A recent psychology study published by Nottingham Trent University (NTU) has called for a review into gambling legislation related to lower stakes and fast-speed gambling games.
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The study, entitled ‘The Relationship Between Gambling Event Frequency, Motor Response Inhibition, Arousal, and Dissociative Experience’, was led by NTU’s School of Social Sciences senior lecturer in Psychology, Dr Andrew Harris.
The key finding of the study revealed that gambling at high speed reduces self-control among players, with the speed of play being a factor in rates of problem gambling.
As part of the research, 50 non-problem gamblers were ‘recruited from amusement arcades and sports teams in the Lincolnshire region of the UK’. The study selected this group as ‘they were identified as areas most likely to contain a high density of gamblers’.
The participants gambled with real money using a simulated slot machine across five speeds of play conditions.
Participants were asked to withhold responses when a specific colour cue was shown. During the faster speeds, participants were unable to respond to colour cues, suggesting that players were much more impulsive during faster rates of play.
Harris stated: “Previous research shows a consistent finding that games with faster speeds are preferred by problem gamblers and are associated with more negative gambling outcomes, such as difficulty quitting the game and increased monetary loss.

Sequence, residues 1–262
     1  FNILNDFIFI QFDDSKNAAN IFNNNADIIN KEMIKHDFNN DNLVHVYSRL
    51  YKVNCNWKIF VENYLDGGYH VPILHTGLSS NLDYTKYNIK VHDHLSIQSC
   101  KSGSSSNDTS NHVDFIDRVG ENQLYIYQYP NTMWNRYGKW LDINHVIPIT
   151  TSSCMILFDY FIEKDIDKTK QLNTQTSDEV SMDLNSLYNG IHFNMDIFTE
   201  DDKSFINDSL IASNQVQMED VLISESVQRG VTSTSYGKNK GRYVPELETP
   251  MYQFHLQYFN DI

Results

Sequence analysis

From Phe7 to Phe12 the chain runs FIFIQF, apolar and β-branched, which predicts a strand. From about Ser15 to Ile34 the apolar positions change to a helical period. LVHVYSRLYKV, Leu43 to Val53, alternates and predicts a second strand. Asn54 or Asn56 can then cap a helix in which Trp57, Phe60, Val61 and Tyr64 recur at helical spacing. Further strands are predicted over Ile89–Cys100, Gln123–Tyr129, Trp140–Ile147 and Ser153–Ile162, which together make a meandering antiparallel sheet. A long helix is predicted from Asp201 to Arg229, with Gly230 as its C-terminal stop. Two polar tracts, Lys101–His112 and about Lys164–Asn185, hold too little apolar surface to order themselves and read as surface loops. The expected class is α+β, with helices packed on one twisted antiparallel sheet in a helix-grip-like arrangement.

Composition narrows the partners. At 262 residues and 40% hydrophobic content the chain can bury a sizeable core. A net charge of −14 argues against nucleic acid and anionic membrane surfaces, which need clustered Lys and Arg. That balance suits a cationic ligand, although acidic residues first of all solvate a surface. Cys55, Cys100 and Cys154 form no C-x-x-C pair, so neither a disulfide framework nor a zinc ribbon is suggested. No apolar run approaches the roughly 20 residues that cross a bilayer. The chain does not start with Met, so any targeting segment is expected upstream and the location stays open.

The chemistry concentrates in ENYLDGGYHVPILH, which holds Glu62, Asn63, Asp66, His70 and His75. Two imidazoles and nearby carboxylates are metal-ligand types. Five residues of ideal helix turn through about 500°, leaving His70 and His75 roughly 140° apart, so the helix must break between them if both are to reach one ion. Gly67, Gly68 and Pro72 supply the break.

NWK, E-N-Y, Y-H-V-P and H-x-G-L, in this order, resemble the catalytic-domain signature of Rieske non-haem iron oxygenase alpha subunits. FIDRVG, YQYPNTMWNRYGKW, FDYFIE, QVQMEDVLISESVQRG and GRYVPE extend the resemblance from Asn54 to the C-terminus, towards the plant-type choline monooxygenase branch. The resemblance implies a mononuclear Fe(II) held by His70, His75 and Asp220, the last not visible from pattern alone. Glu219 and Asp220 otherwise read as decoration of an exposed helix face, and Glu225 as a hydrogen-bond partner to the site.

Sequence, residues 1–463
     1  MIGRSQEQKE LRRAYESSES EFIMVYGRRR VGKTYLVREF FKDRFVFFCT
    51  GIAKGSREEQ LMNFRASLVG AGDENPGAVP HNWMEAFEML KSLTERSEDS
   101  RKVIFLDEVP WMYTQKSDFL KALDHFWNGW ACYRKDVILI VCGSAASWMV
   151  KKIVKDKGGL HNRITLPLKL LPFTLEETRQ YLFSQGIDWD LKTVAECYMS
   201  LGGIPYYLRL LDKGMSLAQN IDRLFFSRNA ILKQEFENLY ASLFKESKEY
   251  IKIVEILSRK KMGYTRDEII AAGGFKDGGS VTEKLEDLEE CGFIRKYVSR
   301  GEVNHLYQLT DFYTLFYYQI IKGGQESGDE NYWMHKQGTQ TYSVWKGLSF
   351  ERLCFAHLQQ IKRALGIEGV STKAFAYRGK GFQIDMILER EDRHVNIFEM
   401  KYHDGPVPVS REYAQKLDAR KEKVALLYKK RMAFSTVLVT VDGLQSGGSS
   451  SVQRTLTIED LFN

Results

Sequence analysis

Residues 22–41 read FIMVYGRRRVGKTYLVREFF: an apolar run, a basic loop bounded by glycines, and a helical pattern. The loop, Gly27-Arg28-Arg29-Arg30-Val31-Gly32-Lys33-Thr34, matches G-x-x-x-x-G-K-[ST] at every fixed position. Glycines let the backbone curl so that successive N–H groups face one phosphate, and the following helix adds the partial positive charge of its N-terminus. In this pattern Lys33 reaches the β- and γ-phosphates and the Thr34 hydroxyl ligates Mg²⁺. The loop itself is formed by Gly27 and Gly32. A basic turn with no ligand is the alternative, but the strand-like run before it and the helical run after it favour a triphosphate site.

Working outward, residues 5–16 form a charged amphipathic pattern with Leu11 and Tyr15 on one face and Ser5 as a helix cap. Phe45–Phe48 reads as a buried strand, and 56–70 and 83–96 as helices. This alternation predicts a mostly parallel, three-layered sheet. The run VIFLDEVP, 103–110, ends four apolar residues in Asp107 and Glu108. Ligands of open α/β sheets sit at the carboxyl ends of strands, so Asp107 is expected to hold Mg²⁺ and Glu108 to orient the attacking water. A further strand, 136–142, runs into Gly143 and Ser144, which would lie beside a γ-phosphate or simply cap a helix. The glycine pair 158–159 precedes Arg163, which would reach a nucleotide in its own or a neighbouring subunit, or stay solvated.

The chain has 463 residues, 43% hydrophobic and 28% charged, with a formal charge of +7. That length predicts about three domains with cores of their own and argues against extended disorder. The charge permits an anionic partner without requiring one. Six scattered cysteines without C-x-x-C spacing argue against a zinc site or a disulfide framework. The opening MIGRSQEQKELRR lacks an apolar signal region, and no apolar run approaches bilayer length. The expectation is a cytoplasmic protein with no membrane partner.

“The results here are of particular importance, as they show that when playing faster forms of gambling, self-control is impaired relative to slower speed games, even among non-problem gamblers.
“If an opportunity is not afforded to a gambler to pause and take stock between gambling events, the likelihood is that they will respond adaptively to punishment decreases (e.g., financial loss).
“Consequently, less opportunity for reflection is afforded by high event frequency games and as such are increasingly likely to lead to poorly adapted behaviour leading to problem gambling in some individuals.”
When asked to measure their own control levels, players perceived themselves as in control of their actions throughout the trial – in contradiction to the results from the study.
Taking the findings into consideration, Harris pointed out that the results have implications for both gambling regulation and player protection.
Harris added: “Recent gambling legislation changes have seen caps in the maximum stake size allowed on fixed odds betting terminals as a harm-minimisation measure, but yet to be considered is the contribution of lower stakes but faster speed gambling games, such as slot machines, and the contribution this has towards gambling-related harm
“Any reduction in speed would need to be balanced with the impact this could have on enjoyment, as this could result in compensatory gambling behaviours, where gamblers might play more gambling lines, bet larger amounts, and play for longer periods of time on slot machines to compensate for the reduced speed of play.
“However, there are a number of useful measures which could be introduced, such as making clocks and monetary spend displays more noticeable to ensure they are regularly processed and attended to by gamblers.”